Bjorkman’s team came up with this plan by studying antibodies from patients who were previously infected with Covid and analyzing where those antibodies would bind on the spike protein’s RBD. Bjorkman pulls out a model of the spike protein that is about the size of her head (in other words: very not to scale). “Early on, there were all these potent neutralizing antibodies that people isolated from infected people, and they blocked receptor binding,” she says, pointing to a region at the tips of the RBD. “But as variants came, they no longer worked.”
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Her team realized that those early antibodies that had once seemed so powerful would bind to the outermost region of the RBD. These sites were effective targets for attacking the earliest versions of the virus. But those areas mutated over time. Once they did, it was harder for the antibodies to grab on to them and neutralize the virus.
Other rarer antibodies, however, could bind to a harder-to-reach area that was not as easily mutated. Bjorkman points to a part of the RBD that is closer to the middle of the spike protein than the tips, indicating where those special antibodies bind. “These are the antibodies we really want, because the RBDs should stay conserved among the sarbecoviruses and among any variant that could ever arise of SARS-CoV-2,” she says. The task for their vaccine would be to prompt the immune system to create antibodies that could latch on to those shared sites.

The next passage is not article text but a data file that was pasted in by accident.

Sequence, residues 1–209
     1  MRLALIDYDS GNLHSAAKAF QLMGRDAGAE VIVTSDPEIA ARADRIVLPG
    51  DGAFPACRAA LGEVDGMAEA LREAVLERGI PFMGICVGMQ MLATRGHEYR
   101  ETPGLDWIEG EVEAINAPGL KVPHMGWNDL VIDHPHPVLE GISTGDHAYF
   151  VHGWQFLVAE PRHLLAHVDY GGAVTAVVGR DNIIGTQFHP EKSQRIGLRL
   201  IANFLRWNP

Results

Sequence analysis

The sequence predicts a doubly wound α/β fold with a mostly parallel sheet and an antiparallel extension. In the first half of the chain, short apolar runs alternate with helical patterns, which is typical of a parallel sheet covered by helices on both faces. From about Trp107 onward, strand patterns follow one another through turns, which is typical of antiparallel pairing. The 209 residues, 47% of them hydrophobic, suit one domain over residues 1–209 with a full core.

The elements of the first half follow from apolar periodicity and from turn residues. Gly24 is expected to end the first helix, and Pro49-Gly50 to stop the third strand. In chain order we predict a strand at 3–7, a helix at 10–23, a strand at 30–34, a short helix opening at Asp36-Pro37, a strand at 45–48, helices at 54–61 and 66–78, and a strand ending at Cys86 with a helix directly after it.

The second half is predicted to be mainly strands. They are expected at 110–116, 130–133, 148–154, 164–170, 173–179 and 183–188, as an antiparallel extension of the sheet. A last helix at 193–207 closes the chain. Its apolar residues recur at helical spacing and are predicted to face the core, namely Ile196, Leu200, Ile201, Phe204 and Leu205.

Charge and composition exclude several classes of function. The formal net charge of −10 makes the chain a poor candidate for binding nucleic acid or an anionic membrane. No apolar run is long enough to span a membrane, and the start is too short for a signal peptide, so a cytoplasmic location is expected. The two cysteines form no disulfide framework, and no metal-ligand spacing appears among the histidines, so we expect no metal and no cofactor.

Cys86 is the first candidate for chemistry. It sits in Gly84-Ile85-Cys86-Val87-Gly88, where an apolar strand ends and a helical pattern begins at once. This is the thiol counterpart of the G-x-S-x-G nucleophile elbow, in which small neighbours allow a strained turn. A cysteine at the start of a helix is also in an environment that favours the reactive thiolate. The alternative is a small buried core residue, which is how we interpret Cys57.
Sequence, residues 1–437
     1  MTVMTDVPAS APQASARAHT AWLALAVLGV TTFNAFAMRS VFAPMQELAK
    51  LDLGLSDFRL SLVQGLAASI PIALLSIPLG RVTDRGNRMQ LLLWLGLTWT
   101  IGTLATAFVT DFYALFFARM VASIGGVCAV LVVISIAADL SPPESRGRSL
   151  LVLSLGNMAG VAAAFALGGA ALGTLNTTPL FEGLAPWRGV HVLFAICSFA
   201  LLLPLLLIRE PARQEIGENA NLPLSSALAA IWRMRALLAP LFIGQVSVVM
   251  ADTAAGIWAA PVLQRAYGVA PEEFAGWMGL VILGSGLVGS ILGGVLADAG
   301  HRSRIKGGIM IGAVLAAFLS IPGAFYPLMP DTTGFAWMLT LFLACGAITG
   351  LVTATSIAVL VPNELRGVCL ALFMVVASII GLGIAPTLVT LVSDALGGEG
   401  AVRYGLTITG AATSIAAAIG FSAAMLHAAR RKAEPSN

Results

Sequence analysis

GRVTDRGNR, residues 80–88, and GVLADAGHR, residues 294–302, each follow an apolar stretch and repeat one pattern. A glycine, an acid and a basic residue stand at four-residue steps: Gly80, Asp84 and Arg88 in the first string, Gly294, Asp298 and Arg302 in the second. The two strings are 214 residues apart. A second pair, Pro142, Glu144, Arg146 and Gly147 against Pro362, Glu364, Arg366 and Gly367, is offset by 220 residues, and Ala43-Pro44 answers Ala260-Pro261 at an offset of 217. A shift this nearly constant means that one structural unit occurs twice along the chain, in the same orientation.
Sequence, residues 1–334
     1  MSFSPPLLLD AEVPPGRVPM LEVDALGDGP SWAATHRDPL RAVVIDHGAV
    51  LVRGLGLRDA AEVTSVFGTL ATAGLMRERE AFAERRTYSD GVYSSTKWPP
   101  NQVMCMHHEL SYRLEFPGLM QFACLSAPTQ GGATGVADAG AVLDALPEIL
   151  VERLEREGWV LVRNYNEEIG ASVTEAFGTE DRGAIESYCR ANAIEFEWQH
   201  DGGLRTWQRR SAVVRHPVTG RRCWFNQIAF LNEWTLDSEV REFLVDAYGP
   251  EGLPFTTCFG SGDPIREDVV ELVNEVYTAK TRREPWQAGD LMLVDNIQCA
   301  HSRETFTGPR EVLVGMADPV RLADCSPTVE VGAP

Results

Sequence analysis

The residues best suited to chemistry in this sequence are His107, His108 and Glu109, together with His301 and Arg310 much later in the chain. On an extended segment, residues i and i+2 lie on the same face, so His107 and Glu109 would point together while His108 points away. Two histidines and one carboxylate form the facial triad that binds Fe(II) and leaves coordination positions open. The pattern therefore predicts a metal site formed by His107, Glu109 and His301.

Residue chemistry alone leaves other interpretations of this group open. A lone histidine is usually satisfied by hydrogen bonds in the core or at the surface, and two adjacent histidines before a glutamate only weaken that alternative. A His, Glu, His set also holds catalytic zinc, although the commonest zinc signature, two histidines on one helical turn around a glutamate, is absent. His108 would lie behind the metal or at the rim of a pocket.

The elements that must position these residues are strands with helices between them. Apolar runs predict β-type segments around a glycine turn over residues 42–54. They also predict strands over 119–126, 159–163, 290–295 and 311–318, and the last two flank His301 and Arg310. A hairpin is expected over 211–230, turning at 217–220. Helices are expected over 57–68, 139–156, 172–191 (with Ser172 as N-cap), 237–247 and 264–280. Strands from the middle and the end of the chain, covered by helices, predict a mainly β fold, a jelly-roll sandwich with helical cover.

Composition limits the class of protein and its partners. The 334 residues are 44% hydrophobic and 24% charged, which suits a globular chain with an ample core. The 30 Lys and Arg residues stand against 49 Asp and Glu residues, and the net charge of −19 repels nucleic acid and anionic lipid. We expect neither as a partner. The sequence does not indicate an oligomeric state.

The team’s first step was to turn their nanoparticle into a kind of template that would train the immune system to make those antibodies. They dunked a protein nanoparticle shell into a mixture of eight different RBDs, which stuck to its surface—kind of like coating a sticky candy apple with different nuts. Because “there’s no reason for them to go to any particular place,” Bjorkman says, the end product was a nanoparticle with a random assortment of different RBDs on its surface. (Hence the “mosaic” in “mosaic nanoparticle vaccine.”)
When injected into an animal, the B cells in the animal’s immune system, which are in charge of producing protective antibodies, would start to make ones that attack these binding sites. Should the animal later encounter the actual version of the virus, its antibodies would know to glom onto these sites, stopping the virus from entering cells.
You might think this eight-RBD approach would result in antibodies that are designed to target only eight different kinds of binding sites. But the researchers took advantage of a quirk in the shape of the antibodies: They are two-armed and shaped like the letter Y. Instead of binding with one arm to a region specific to one RBD type, they can be designed to bind with both arms to conserved regions of two adjacent sites. That means that instead of gumming up only eight specific sarbecoviruses RBDs, they can theoretically attach to any with those conserved regions.